Social Practices Art Network (SPAN) is currently being developed by Jules Rochielle. The intention of this site is to create a resource for individuals, organizations, community groups and institutions that are interested in new genre arts forms and practices. It is meant to serve as a platform for a variety of social art practices.
Interview with Marisa Jahn
Of Ecuadorian and Chinese descent, Marisa Jahn is an artist, writer, and community organizer who believes that bridging culture and grassroots politics brings about innovative forms of social change.
Marisa is the co-editor of Recipes for an Encounter, co-edited by Berin Golonu and Candice Hopkins and most recently edited Byproduct: On the Excess of Embedded Art Practices, a book that “investigates art practices that embed themselves within other non-artworld institutions (the government, industries, electoral politics), using the language and logic of their host to produce the artwork—or byproducts of the system.”
Marisa’s work has been presented in public spaces in the US, Canada, Tajikistan, Kyrgyzstan, Estonia, Honduras, and Turkey and in venues such as the MIT Museum, ICA Philadelphia, The New Museum (New York), ISEA/Zero One, Eyebeam (NYC), the National Fine Art Museum of Taiwan, and in San Francisco at Yerba Buena Center for the Arts, the San Francisco Asian Art Museum, and the San Francisco Museum of Modern Art.
In 2009 and 2010, Marisa was an artist-in-residence at MIT’s Media Lab, an artist teacher with Center for Urban Pedagogy, and designer-in-residence at Street Vendor Project, an organization that advances an agenda of economic opportunity, social justice, and civil rights for street vendors in New York City. As an art educator working with underrepresented youth since 1998, Jahn has partnered with and built award-winning education programs with organizations worldwide and was recognized by UNESCO in 2006 as a leading art educator.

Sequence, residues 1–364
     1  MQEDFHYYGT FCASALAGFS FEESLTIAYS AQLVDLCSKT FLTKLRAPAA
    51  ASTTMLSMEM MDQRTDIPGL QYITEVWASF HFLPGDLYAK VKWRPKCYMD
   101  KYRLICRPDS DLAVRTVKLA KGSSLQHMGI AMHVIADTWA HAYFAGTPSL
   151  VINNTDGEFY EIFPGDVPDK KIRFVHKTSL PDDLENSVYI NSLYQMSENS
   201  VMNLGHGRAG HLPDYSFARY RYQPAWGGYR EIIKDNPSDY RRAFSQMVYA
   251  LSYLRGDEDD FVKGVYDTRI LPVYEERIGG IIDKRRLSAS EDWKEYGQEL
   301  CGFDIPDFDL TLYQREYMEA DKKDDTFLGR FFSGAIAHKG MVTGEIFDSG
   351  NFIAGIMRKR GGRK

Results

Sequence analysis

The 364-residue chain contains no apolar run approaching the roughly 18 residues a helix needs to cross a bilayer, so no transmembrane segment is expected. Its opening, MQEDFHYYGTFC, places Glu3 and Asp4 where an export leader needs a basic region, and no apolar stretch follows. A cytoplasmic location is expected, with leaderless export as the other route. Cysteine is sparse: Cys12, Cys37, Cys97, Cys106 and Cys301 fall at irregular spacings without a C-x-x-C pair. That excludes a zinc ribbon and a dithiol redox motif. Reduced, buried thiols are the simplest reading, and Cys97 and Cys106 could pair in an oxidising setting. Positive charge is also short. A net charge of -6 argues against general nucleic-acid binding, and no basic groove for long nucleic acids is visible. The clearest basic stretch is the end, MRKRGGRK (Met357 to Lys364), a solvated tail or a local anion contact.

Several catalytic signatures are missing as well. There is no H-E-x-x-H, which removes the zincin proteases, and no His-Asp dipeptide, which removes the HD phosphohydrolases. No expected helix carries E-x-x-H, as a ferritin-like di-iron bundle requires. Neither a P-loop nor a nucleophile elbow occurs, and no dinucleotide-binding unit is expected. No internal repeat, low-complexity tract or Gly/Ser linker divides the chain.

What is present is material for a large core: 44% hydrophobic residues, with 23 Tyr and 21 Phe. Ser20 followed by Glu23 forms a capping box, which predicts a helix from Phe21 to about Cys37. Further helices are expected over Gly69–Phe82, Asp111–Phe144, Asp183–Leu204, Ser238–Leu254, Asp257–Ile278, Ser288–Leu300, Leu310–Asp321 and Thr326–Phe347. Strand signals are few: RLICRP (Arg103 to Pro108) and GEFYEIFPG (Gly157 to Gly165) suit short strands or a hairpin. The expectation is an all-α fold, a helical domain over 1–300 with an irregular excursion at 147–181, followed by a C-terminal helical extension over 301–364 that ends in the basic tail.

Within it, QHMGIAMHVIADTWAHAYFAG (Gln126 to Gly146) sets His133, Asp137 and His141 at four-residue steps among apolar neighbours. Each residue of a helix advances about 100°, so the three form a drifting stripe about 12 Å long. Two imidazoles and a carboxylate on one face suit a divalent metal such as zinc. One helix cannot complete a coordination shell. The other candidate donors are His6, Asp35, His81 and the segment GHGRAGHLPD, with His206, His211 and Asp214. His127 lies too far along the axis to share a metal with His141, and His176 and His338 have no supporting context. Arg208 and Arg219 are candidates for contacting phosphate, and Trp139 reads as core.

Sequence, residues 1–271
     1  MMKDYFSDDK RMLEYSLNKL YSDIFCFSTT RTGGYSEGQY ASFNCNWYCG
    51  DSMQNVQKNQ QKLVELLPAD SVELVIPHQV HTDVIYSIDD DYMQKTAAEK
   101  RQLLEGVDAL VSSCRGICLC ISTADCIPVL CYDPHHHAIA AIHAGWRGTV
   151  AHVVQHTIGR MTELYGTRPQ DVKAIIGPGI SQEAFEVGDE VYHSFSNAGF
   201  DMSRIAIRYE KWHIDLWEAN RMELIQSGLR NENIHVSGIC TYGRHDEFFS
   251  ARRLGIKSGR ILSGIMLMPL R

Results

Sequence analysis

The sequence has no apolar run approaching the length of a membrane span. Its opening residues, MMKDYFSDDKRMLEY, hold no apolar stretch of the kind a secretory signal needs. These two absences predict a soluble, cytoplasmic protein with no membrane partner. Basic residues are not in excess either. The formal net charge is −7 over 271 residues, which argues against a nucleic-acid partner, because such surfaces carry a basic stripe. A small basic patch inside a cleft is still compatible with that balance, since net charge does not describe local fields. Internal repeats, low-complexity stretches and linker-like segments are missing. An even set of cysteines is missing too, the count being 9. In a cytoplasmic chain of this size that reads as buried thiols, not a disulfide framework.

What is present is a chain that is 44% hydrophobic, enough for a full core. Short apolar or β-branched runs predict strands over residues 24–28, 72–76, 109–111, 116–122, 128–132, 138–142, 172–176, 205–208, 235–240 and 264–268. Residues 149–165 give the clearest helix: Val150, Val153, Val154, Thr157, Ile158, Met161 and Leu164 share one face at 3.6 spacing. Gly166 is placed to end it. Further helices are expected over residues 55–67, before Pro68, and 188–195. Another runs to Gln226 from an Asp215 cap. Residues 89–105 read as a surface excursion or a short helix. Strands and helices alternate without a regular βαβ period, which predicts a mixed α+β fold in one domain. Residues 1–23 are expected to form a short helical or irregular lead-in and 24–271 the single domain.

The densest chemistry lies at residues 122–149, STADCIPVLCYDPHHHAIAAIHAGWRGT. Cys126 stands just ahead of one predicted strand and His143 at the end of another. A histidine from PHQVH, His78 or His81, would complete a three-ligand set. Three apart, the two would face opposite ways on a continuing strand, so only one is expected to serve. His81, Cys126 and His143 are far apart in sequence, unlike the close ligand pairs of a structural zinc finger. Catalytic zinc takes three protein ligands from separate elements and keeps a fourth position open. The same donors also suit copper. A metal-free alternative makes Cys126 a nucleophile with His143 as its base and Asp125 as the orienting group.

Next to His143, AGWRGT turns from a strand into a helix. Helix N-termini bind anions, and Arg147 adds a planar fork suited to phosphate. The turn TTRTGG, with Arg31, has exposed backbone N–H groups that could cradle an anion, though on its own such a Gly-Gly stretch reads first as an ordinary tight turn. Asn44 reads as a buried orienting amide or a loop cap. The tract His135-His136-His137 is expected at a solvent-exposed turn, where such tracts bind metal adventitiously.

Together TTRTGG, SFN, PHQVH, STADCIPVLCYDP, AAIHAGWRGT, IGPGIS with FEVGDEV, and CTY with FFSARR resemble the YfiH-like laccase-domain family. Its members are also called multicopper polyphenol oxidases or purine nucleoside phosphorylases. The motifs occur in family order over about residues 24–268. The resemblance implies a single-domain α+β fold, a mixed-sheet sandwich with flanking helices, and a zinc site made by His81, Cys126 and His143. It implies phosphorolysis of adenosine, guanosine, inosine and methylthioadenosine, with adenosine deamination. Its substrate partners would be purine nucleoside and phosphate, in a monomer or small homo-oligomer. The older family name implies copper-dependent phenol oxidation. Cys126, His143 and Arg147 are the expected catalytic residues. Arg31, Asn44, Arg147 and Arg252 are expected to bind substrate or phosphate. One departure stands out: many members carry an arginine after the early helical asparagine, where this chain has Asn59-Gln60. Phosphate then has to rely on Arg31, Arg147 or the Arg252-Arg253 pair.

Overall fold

From 2000-2009, Marisa and Steve Shada co-directed “Pond: art, activism, & ideas,” a gallery-based non-profit organization dedicated to experimental art. In 2010, Marisa, with Stephanie Rothenberg and Rachel McIntire, co-founded REV-, a non-profit organization dedicated to furthering socially engaged art, design, and pedagogy. Marisa is also the deputy director of People’s Production House, an organization that empowers teens and historically excluded communities with skills to become journalists and media justice advocates.
Marisa studied at UC Berkeley Massachusetts Institute of Technology (MIT). Her work as an artist and activist has been featured in international media including Art in America, Los Angeles Times, Frieze, Punk Planet, Clamor Magazine, The New York Times, San Francisco Chronicle, Make Magazine, Metropolis, the Discovery Channel, The Wall Street Journal, and Canadian Broadcasting Corporation.